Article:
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Nigerian Officials: Boko Haram Frees About 190 Captives

A man holds a placard reading, "I am Nigerian. Stop Boko Haram," during a protest in Paris against extremist Islamic group Boko Haram, Jan. 18, 2015.

Officials in Nigeria say the militant group Boko Haram has freed about 190 people who were kidnapped in the northeastern state of Yobe in early January.

Authorities say the victims, most of them women, were released Friday and Saturday after being taken captive during a January 6 attack on the village of Katarko. During that raid, Boko Haram gunmen set much of the village on fire.

Officials say some people may still be held hostage.

Boko Haram has carried out mass abductions in the past. Last year, the group took nearly 300 schoolgirls from the town of Chibok.

In another development, suspected Boko Haram militants and Nigerian forces are battling Sunday in the the northeastern city of Maiduguri. There are no immediate reports of possible casualties.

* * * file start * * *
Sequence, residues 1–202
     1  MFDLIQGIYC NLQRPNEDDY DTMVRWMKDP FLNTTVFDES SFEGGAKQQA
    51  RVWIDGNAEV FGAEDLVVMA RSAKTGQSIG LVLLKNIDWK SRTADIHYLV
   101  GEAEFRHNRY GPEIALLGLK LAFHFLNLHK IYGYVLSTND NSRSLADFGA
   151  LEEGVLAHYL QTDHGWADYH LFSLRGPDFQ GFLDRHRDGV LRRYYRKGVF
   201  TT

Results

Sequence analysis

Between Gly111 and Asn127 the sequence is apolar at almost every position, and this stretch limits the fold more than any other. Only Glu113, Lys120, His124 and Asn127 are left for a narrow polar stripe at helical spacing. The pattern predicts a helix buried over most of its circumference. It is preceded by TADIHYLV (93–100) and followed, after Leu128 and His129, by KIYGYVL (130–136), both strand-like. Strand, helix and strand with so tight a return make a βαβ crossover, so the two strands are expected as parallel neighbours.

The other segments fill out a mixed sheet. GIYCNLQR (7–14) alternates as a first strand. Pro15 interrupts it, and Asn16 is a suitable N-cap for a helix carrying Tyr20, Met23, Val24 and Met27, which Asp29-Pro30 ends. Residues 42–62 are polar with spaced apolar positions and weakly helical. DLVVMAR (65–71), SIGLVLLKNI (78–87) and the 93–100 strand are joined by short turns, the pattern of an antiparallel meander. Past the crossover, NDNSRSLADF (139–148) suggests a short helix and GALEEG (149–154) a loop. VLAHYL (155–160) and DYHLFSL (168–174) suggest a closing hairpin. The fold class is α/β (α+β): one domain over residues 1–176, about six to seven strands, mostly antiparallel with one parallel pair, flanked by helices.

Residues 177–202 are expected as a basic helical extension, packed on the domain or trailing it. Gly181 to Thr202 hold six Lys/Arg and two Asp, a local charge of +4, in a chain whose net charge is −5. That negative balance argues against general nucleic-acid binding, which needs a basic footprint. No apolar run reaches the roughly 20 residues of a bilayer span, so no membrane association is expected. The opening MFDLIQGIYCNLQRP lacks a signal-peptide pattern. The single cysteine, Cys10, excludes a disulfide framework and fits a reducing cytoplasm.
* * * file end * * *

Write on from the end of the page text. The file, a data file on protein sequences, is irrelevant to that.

Meanwhile, U.S. Secretary of State John Kerry will be in Nigeria on Sunday to meet with the country's two leading presidential candidates: incumbent President Goodluck Jonathan and main opposition candidate Muhammadu Buhari.

The State Department said Kerry would travel to Nigeria's largest city, Lagos, and emphasize the importance of ensuring that the presidential and parliamentary elections, set for February 14, are peaceful and credible.

Past elections in Nigeria have been marred by violence. Jonathan's disputed victory in the 2011 election triggered violence in the north that killed an estimated 800 people.

This year's elections are complicated by the rise of Boko Haram, which has killed thousands of people in the northeast and controls much of Borno state.